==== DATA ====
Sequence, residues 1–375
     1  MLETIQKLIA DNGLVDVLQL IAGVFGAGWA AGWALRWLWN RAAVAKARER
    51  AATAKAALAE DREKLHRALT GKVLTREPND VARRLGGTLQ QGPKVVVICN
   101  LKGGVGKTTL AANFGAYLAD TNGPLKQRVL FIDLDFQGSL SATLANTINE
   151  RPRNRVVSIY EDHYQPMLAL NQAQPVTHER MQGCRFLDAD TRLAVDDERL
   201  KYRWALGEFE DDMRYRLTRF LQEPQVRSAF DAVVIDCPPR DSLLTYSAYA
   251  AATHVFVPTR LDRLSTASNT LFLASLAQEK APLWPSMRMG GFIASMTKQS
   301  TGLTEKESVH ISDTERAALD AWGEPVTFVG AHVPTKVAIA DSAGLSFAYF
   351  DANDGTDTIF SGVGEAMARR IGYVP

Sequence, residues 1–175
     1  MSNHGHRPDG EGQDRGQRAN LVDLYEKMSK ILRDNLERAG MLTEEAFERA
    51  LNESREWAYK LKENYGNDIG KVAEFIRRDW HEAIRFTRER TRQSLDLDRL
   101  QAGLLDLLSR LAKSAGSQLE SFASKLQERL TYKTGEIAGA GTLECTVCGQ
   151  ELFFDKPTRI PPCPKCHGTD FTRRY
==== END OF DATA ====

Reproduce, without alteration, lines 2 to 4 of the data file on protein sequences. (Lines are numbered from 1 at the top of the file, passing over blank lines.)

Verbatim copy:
     1  MLETIQKLIA DNGLVDVLQL IAGVFGAGWA AGWALRWLWN RAAVAKARER
    51  AATAKAALAE DREKLHRALT GKVLTREPND VARRLGGTLQ QGPKVVVICN
   101  LKGGVGKTTL AANFGAYLAD TNGPLKQRVL FIDLDFQGSL SATLANTINE